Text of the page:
Why and How: Photographing Death Valley in California in Black and White
Do you like Westerns and the freedom of the atmosphere of the Southwestern United States? If the answer is yes, then you will love Monument Valley.
The buttes and mesas that line the valley are forever associated with the old films recounting the conquest of the west.
It is beautiful, impressive, and grandiose. But photographing the landscapes of Monument Valley is not so easy because photographs of this kind quickly fall into the postcard category.
In this article, I propose a different photographic approach: the use of black and white.
The Little Story of This Article
Every year in the fall, I spend at least two days at Monument Valley. It is like an annual pilgrimage of mine. I think this is where my passion for the United States was born.
On every trip, I ride on the stony tracks covered with orange dust. I take about sixty pictures. I spend some time with a Navajo family with whom I have become good friends. We always talk about the same subjects: the passing of time, the challenges of education for the children living on the reservation, and the upcoming pow-wow which will be even better than the previous one. I retrace the ancient dusty trails and recharge my spiritual batteries. Even after I leave and continue west, a piece of my heart remains in this special place.
Each pilgrimage follows the same rhythm. Monument Valley is the praise of the slow pace of time, the slow rhythm of nature. The landscapes are gradually eroding. Every year I can see a large rock protruding off a butte, which will one day erode to the ground. As the father of the Navajo family would say: "That is the way time goes.” He is a fatalist, and he is right. There is nothing we can do to stop such a phenomenon. I understand his way of being.
This place is truly inspiring. However, I had never been able to create a collection of interesting art photos before. I have accumulated hundreds of photos that are privately stored in my collection, but I do not believe they will ever be developed.
This is a strange concept to me. Even though all of the right lights, forms, and techniques were perfect, something was missing. After taking the pictures of this place I love, I would simply stare at the images and ponder.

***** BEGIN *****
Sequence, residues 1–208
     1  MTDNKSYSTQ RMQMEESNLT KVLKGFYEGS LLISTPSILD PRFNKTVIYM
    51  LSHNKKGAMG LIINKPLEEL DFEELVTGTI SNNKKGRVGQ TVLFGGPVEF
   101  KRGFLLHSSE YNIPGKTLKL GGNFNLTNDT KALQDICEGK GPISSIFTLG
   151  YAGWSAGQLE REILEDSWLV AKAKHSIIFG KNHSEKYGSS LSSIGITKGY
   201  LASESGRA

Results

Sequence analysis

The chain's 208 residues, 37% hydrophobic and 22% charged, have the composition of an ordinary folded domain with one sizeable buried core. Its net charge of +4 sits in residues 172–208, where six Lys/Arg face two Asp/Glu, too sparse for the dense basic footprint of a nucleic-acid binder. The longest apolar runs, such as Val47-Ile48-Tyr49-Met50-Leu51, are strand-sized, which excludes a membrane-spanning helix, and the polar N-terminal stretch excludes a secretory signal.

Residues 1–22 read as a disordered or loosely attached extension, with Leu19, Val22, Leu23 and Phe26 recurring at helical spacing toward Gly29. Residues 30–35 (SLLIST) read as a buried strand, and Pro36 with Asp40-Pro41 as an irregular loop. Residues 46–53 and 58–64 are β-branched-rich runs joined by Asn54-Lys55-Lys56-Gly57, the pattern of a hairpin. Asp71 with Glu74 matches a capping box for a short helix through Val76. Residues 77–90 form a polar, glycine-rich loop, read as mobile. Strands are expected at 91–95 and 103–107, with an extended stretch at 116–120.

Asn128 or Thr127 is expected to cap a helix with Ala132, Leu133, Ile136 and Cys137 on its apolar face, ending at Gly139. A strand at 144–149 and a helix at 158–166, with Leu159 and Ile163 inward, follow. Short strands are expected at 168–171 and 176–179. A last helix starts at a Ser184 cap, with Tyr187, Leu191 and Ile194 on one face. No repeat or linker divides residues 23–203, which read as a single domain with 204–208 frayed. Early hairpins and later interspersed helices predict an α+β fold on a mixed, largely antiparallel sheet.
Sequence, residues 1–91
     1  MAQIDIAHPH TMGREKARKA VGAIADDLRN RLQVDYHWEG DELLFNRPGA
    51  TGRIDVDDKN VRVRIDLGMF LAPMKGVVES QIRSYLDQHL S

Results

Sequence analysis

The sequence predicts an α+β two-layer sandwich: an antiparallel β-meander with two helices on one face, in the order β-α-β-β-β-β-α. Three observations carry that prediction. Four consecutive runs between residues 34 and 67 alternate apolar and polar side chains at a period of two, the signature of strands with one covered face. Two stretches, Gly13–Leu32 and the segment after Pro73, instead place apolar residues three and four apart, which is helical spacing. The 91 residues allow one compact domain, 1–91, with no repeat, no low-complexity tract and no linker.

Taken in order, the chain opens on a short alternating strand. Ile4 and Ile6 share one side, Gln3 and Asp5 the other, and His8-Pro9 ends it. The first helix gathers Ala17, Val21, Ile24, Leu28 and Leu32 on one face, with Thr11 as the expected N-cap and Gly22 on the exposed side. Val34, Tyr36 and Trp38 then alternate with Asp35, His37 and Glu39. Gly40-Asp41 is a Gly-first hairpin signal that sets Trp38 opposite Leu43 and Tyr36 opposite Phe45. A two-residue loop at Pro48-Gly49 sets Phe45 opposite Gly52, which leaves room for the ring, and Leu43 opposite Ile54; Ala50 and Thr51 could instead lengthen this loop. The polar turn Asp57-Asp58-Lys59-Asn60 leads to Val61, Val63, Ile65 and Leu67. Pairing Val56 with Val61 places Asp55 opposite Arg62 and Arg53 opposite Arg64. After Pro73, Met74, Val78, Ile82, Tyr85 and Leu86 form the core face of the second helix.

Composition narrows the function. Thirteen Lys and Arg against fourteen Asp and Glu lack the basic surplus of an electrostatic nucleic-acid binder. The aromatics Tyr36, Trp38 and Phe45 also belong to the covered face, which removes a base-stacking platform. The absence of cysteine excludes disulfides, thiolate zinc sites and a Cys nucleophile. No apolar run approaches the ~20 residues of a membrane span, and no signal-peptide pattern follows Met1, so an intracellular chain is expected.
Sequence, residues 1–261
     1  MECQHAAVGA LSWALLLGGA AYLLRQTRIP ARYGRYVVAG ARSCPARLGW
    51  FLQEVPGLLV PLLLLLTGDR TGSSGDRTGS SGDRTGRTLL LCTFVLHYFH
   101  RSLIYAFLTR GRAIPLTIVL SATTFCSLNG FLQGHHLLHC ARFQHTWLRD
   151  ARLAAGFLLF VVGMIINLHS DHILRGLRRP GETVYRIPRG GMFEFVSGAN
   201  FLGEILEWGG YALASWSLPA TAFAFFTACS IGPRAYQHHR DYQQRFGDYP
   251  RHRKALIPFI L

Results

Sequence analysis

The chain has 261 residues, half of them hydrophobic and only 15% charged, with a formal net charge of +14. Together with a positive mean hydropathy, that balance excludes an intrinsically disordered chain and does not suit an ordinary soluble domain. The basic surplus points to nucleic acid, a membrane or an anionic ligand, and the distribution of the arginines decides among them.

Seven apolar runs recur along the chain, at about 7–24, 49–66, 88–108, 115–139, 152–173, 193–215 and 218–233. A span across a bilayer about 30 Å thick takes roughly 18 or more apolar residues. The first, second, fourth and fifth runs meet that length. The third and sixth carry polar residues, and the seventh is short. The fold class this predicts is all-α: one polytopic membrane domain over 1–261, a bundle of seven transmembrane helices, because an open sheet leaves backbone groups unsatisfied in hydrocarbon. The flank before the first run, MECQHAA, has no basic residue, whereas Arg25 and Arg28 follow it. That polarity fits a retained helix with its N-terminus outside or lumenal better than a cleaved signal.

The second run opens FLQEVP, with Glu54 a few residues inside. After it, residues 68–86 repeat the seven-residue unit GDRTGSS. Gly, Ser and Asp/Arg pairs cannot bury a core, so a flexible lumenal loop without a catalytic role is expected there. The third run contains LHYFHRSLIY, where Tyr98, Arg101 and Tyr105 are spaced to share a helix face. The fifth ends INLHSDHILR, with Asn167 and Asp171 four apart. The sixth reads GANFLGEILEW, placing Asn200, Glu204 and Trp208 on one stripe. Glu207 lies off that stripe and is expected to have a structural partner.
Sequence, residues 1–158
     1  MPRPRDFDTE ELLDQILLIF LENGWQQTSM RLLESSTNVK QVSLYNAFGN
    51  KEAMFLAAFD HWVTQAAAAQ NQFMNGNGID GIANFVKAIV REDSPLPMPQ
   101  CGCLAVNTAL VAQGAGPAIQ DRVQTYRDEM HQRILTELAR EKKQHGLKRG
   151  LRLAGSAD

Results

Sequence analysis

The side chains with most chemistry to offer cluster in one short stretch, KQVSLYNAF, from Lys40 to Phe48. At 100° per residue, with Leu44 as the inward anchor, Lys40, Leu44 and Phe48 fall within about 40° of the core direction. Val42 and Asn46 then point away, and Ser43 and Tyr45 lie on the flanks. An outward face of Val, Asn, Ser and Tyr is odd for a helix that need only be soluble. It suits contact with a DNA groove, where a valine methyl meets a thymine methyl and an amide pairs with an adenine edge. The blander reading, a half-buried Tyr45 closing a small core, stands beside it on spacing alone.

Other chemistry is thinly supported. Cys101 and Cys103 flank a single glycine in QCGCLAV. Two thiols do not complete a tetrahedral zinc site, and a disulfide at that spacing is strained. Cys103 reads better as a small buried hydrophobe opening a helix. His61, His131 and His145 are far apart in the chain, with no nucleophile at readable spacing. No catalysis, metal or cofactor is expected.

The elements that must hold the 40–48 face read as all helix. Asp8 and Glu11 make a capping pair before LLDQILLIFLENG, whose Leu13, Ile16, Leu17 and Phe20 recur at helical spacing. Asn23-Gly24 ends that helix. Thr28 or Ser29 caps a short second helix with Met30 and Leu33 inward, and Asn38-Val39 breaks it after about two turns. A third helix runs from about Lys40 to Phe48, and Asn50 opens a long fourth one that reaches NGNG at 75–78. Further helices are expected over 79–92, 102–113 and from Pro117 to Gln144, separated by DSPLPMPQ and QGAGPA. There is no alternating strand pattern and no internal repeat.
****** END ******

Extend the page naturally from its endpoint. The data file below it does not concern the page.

The problem is that every time I tried to share my emotions and feelings regarding this magical place, I felt like I was replicating what others had done. Every time I took a beautiful photo, I realized that it could quickly be categorized as a postcard picture.
However, this year, I made a big resolution. I decided to create a true collection of fine art photos of Monument Valley. I pondered for hours and hours to try and imagine the perfect solution to this goal.
Finally, I chose to consider what it would be like to take on the role of a pioneer journeying from the east to the west to acquire his fortune. I decided to forget all the previous experiences I had had in this region. I imagined that it was the first time my eyes had fallen upon such a sight. I tried to think like a pioneer who was travelling through this barren desert with little water and food. I acted as if I was entering a new chapter, a fresh start.
The Choice of Black and White
It could be said that everything has already been done in terms of photographing at Monument Valley. And yet there is an endless universe of possibilities left to accomplish.
If you want to give an original perspective of this desert region where the dominant color is orange-toned, then the use of black and white is ideal.
It may seem paradoxical, but if you make color photographs, you will quickly fall into the postcard category. Your photos will only remind you and others of the cheap images that you carry back from your holidays. Your colored photographs will be beautiful. Everyone will be captivated by the exceptional lights and colors of the region. But there will be nothing truly original or personal.
Monument Valley is made up of mineral landscapes. The whole valley is covered with massive sandstone and shale.
To capture textures and details, the use of black and white is a perfect match.
The Use of the Foreground